Wednesday, August 30, 2006

Democracy: Get Rid of It

Billions and Billions deceived daily!

I've had it. Finished. Sick of it. Democracy is worthless. Every two-bit dictator and government with something to hide knows they just have to use the word "democracy" to describe any action or atrocity, and the world Media, UN and human rights agencies will bend over and drool like a drunken prom date in a limo.

Democracy. She's become a cheap whore to the world's despots:

1994: Genera Sani Abacha, dictator of Nigeria repressed his people under the banner of democracy by holding fake elections that insured his victory and subsequently murdering pro-democracy supporters.
1965: Mobutu Sese Seko, president of Zaire had, according to our buddies at Amnesty International, vowed to keep Zaire "safe for democracy" only to use the statement as the usual cloak to torture his opponents and ignore the starvation of his people.
Today: Anyone out there bother to check who's running the People's "Democratic" Republic of Korea?
The U.S., supposedly the world's shining beacon of democratic practice insists on forcing their version of the term on a non-compliant world. How ironic. The Yanks can't even bring themselves to give other nations the freedom of choice to select their own systems. What has this done to the world's perception of democracy when its supposed greatest practicing nation uses a democratic banner to cloak its hegemony?

No, all that democracy can provide these days is another strategic tool that anyone can use to leverage any political position and stall world condemnation. I say, let's let the despotic autocrats and warlords of the world call whatever they want a democracy. We'll let them have the term. We've cheapened it enough.

I say, get rid of democracy! It's done, used up. We're now at the critical point in world history where just about everyone has lived by or heard about democracy long enough to know how to manipulate it for their own personal gains. There is no longer any novelty to democracy. Gone are the days when democracy meant public responsibility and public sacrifice. Enter now the new definition: mob rule. Let's see, how many "people power" movements have overthrown the Phillipine government since their initial successful effort? And, for that matter, since April has any group of Nepalis with an "issue" not chosen to take to the streets?

Girija and Prachanda have used democracy masterfully. They professed that the April movement would restore (the comically oxymoronic) "absolute democracy." Well Nepal, seen an election yet? Seen any attempt at democratic compromise or reconcilliation yet? Seen any kind of equal representation even being proposed yet?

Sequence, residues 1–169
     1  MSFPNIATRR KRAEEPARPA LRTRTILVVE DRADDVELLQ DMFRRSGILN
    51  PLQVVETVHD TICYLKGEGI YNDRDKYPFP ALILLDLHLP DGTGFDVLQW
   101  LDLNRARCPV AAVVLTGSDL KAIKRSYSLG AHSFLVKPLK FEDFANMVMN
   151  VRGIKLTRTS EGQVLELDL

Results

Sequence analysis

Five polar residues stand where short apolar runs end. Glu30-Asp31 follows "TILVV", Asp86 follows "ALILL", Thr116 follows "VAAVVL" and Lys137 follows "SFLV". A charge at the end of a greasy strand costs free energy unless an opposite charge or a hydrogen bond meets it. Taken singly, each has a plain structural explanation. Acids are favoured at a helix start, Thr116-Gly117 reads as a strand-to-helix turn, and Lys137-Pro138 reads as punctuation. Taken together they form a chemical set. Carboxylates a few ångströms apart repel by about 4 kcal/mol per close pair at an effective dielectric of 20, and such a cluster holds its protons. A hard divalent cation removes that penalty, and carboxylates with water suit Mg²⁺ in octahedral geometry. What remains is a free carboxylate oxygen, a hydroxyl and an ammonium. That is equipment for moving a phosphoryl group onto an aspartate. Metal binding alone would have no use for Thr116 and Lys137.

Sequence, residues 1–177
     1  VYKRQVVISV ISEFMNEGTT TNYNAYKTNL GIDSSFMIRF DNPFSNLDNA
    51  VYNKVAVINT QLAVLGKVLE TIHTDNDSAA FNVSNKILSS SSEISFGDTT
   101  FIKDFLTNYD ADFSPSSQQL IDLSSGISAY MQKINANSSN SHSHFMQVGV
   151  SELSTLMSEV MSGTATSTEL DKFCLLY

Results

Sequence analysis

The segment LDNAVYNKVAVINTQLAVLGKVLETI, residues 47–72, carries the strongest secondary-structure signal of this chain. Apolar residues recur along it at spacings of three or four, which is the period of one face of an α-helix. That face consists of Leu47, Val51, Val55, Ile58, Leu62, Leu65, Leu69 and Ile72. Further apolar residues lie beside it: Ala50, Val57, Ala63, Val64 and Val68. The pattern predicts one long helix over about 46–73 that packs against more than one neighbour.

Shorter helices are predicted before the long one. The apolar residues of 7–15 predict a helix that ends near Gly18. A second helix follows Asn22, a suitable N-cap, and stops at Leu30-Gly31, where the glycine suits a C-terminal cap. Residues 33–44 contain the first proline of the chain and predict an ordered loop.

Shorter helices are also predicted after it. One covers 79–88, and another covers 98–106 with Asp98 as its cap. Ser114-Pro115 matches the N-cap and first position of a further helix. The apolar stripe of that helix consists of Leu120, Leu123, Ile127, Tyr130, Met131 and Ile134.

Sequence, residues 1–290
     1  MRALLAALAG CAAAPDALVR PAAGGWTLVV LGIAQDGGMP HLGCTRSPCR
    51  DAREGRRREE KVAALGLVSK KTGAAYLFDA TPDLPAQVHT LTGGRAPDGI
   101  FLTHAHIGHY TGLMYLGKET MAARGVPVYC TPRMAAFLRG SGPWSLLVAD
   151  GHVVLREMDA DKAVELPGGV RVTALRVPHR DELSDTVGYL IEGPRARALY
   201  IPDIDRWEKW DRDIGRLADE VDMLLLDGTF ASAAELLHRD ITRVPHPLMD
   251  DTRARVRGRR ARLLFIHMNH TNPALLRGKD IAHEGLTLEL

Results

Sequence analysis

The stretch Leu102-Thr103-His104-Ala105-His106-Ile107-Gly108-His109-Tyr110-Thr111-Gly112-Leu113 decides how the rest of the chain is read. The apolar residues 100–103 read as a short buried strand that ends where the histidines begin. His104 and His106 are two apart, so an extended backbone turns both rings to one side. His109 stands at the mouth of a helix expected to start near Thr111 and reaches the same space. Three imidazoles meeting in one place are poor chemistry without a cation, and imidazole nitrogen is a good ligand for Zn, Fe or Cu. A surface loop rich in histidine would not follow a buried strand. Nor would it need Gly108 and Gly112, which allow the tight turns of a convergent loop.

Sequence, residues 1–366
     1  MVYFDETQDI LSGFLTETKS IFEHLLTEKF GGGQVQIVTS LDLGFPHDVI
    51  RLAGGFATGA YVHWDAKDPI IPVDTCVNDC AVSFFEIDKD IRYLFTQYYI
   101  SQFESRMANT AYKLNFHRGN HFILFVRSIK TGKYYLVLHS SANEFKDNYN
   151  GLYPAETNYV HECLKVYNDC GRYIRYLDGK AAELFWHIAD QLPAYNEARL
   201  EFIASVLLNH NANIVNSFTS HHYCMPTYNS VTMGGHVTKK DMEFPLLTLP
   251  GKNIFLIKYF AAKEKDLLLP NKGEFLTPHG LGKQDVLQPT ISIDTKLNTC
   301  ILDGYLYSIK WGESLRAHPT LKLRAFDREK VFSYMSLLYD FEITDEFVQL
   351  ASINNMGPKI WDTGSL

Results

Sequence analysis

No, what we need is a breath of fresh air. Start a movement that incorporates all the beloved and sacred ideas of democracy as we knew it and just call it something else. I miss old favorites like: rule of law, the committment to the peaceful resolution of disputes, equal representation under the law, respect for minority opinions and rights and a few of those other pillars of old-school democratic thought. It would be nice to find a new home for such noble ideas.
How about this: EQUALISM
Really, any term will work, as long as it's not democracy.

Saturday, August 12, 2006

Utter Foolishness

Well, pat yourselves on the back, UN. Another job well botched.

I'm sure you feel just peachy about your accomplishments in Nepal. Through your influence and diplomatic skill you've managed to:

1. Give the Maoists exactly what they want.

2. Insure that any constituent assembly election will be neither fair nor reflect the will of the people of Nepal.

The little 5 point agreement submitted by SPAM to the UN is full of the usual boilerplate politician-speak--fully designed to be neither taken seriously nor acted upon by anyone. That is, until we come to point #3 which deals with the decommissioning of Maoist arms:

On the basis of the agreement to seek UN assistance in the “management of arms and armed personnel of both the sides”, qualified civilian personnel will be deployed to monitor and verify the confinement of CPN-M combatants and their weapons within the designated cantonment areas. Later, the modalities for all arrangements, including of arms and munitions, will be worked out among the parties and the UN.

And the UN bought it. If history tells us anything, when Nepali politicians or Maoists use the word "later" in a proclamation, it means "never." The only thing significant about this statement is that Steffan de Mistura and his UN delegation to Nepal were the ones who suggested this language and thus, gave world legitimacy to the Maoist's armed struggle.

Prachanda must be very pleased indeed. His army is now legitimized by the world community!

How pathetically naive and tragically sad. Unless the UN is prepared to maintain a permanent monitoring presence in every Nepali village, this is a recipe for disaster.

Having Maoists wait somewhere on the sidelines with guns still in hand ruins any chance of a fair constituent assembly election. Villagers have lived with Maoist threats and intimidation long enough to know that if they don't elect a Maoist representative to the constituent assembly, somewhere down the line, there will be Maoist retalliation. Maoist have already said they are not necessarily bound by any election results so any anti-Maoist election statement by any district is an invitation for Maoist violence.

This UN conceived, endorsed and implemented monitoring idea is going to get a lot of people killed.

Maoists must be fully disarmed before any election can be counted as fair. Their intimidation factor is too high. Witness the municipal elections of last year: candidates were threatened, abused and even killed by Maoists and their SPA minions.

Try telling any of that to the UN. They love to give away the house to appease any group, call it a compromise and claim a mediation victory.

This move will come back to haunt them.


Tuesday, August 08, 2006